The national projects just can’t seem to get off the ground, because nothing about them is comprehensible, from the mechanics of them, which are hard to manage, to the priorities, which are as a rule vague and chosen at random, according to experts in each of the sectors of industry to which the national projects relate. Various forms of public-private partnerships coupled with social responsibility do not salvage the situation; they only exacerbate it.
The West can’t help us here: any halfway rational relations have unraveled. The East is a tricky business, and there are not that many specialists in the meaning of Iranian nods or enigmatic Chinese smiles. Plus it’s easy here to get sucked into someone else’s game as the junior partner to an older brother.
Hence the trepidation among the (once) progressive officials, who have already forgotten how to speak the truth to the leadership. What if the debt bubble suddenly bursts, how will people behave? People will be left without money, while the authorities are making plans to build an extremely expensive high-speed highway that will inevitably turn out to be unprofitable and exorbitantly expensive to operate. The bridge to Sakhalin Island in Russia’s Far East can be added to this list, as can the planned transformation of the ancient monastery town of Sergiev Posad into the Russian Vatican—at a diabolical cost.
The appearance of this kind of project is a very bad sign. Plans to divert Siberian rivers, build gigantic oil and gas facilities, and other impressive fantasies by the “pragmatist economists” arose on an industrial scale precisely when the Soviet budget deficit started to grow at a catastrophic rate, and the model of the administrative command economy began to collapse in plain view.
At that time, the best lobbyists turned out to be the ministers who were the first to smell the odor of decay and rush to take what they could. In an article by Yegor Gaidar and Viktor Yaroshenko titled “Zero Cycle: Analyzing the Mechanism of Institutional Expansion,” published in 1988 in Communist magazine, this system was called the “zero-cycle economy”: it was easiest to scoop out huge amounts of money for a large project and then bury this money in the foundations of a major nationwide construction project.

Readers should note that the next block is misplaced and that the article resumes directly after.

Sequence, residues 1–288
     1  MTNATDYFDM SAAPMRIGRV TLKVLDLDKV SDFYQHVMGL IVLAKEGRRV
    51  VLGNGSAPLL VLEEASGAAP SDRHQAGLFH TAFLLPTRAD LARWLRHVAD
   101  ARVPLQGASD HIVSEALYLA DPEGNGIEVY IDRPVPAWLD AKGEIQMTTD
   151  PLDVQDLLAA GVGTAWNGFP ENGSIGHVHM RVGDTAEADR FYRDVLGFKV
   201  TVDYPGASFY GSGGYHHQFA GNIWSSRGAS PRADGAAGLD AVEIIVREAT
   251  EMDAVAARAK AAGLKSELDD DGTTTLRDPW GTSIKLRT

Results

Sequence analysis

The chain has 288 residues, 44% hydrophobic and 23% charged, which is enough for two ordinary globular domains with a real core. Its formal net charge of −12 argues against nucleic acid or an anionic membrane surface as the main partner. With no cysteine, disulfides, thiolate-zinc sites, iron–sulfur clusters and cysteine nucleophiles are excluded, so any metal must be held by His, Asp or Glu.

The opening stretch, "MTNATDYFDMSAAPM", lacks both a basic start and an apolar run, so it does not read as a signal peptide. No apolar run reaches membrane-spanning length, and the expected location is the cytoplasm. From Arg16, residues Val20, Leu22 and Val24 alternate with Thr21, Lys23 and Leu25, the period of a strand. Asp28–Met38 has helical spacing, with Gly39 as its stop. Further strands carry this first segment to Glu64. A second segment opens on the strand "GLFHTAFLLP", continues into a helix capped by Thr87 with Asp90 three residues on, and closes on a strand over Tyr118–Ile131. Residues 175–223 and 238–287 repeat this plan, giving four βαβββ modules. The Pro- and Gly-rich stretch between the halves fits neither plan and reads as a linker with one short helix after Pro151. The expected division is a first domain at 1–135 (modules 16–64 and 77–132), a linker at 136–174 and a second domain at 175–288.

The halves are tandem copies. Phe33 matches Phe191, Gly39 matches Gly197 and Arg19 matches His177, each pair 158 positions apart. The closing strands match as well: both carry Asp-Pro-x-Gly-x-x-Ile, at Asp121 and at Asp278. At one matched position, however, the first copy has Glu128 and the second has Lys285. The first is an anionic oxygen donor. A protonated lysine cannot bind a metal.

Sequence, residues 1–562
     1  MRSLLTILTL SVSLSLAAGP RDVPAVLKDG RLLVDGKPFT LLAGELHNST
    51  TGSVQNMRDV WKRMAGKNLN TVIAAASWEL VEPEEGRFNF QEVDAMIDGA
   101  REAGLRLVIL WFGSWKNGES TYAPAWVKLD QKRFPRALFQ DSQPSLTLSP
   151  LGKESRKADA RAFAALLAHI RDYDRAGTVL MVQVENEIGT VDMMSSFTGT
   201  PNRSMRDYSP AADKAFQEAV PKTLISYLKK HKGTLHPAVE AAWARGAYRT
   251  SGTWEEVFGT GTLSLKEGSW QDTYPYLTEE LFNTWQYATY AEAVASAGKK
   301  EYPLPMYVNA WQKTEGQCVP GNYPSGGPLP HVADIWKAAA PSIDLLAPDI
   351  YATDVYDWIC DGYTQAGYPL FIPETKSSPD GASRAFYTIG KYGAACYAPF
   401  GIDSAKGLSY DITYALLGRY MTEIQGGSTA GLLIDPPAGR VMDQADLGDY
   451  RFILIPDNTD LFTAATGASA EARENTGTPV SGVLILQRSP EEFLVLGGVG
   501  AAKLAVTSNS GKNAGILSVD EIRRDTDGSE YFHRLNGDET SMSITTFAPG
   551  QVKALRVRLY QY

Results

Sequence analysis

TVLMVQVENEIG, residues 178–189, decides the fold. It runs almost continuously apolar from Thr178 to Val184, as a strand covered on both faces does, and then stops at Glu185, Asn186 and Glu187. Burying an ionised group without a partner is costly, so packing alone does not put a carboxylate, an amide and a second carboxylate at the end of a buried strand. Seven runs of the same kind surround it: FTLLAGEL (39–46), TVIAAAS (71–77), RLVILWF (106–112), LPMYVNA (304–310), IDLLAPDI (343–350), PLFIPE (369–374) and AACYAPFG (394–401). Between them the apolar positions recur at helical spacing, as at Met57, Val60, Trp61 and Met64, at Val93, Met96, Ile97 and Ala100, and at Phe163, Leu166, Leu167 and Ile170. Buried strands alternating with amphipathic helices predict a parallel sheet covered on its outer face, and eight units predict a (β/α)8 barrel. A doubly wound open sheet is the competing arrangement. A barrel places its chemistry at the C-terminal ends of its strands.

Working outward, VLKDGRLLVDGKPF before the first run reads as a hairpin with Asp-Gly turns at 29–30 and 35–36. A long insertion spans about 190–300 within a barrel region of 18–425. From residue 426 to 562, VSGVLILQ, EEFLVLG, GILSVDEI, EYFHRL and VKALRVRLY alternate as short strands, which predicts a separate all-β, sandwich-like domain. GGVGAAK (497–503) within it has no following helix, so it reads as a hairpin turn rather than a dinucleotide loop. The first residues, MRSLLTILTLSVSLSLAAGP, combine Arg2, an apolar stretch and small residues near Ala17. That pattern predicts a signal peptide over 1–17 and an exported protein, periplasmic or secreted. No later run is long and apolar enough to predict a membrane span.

“No one is surprised,” wrote Gaidar and Yaroshenko more than thirty years ago, “that it is not uncommon for a decision to be made first, and only afterward, in a semi-optional procedure, is its viability assessed.” This is reminiscent of today’s dicey practices.
In the final years of the Soviet Union, the state also thought that it was enough to complete a structural maneuver using money, and that the economy would begin to stir. Instead of today’s “breakthrough,” the stated goal was “acceleration,” and money was poured into machine-building as though into sand. Why machine-building? It was supposed to become the locomotive of science and technology. Today we also adhere to a sacred belief in a technology breakthrough, but for some reason our plans to transport trash for burial in the forests of Arkhangelsk are not so high-tech, and the main breakthroughs, alas, occur at dams.
Has anyone been saved from the deadly consequences of the recent flooding in the Irkutsk region by digitalization, KPIs, or managerial competitions? No. And so representatives of the financial-economic bloc are showing signs of nerves: they will have to answer for all that. After all, they have KPIs.
This article was originally published in Russian at RBC.
Carnegie does not take institutional positions on public policy issues; the views represented herein are those of the author(s) and do not necessarily reflect the views of Carnegie, its staff, or its trustees.